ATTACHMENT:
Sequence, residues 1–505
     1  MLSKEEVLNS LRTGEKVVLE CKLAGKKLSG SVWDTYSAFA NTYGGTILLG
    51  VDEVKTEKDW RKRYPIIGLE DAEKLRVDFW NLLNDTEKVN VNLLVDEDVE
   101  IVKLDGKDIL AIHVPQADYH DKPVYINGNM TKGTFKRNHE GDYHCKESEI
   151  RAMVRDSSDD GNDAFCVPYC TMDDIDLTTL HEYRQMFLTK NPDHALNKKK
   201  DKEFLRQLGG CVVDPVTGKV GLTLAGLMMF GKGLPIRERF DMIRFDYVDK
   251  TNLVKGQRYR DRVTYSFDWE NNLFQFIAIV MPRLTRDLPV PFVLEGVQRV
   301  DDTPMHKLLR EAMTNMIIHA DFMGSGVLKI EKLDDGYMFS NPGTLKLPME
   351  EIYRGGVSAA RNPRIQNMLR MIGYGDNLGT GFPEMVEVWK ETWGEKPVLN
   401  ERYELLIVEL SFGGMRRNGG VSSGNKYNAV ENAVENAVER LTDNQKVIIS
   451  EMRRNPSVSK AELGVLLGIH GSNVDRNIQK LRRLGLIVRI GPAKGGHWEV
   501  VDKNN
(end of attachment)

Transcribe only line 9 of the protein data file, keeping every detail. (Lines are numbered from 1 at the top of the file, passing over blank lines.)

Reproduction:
   351  EIYRGGVSAA RNPRIQNMLR MIGYGDNLGT GFPEMVEVWK ETWGEKPVLN